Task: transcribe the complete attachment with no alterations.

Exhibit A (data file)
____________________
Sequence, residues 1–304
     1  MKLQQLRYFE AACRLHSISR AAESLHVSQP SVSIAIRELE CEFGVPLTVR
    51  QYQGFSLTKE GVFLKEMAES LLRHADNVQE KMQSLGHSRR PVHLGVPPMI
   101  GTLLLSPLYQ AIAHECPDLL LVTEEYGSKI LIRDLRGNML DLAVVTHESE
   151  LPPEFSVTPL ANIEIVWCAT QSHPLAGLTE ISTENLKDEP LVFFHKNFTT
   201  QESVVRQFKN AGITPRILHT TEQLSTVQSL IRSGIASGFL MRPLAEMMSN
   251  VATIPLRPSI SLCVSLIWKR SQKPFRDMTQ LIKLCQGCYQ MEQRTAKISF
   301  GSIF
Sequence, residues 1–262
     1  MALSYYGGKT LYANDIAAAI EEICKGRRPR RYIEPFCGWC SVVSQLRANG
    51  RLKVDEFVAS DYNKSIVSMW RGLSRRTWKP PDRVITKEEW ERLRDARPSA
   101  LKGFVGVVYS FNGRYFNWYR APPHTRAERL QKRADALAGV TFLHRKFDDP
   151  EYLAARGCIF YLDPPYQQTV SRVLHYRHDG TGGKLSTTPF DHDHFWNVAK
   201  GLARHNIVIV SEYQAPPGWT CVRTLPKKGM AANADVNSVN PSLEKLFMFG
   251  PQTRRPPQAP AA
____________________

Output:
Sequence, residues 1–304
     1  MKLQQLRYFE AACRLHSISR AAESLHVSQP SVSIAIRELE CEFGVPLTVR
    51  QYQGFSLTKE GVFLKEMAES LLRHADNVQE KMQSLGHSRR PVHLGVPPMI
   101  GTLLLSPLYQ AIAHECPDLL LVTEEYGSKI LIRDLRGNML DLAVVTHESE
   151  LPPEFSVTPL ANIEIVWCAT QSHPLAGLTE ISTENLKDEP LVFFHKNFTT
   201  QESVVRQFKN AGITPRILHT TEQLSTVQSL IRSGIASGFL MRPLAEMMSN
   251  VATIPLRPSI SLCVSLIWKR SQKPFRDMTQ LIKLCQGCYQ MEQRTAKISF
   301  GSIF
Sequence, residues 1–262
     1  MALSYYGGKT LYANDIAAAI EEICKGRRPR RYIEPFCGWC SVVSQLRANG
    51  RLKVDEFVAS DYNKSIVSMW RGLSRRTWKP PDRVITKEEW ERLRDARPSA
   101  LKGFVGVVYS FNGRYFNWYR APPHTRAERL QKRADALAGV TFLHRKFDDP
   151  EYLAARGCIF YLDPPYQQTV SRVLHYRHDG TGGKLSTTPF DHDHFWNVAK
   201  GLARHNIVIV SEYQAPPGWT CVRTLPKKGM AANADVNSVN PSLEKLFMFG
   251  PQTRRPPQAP AA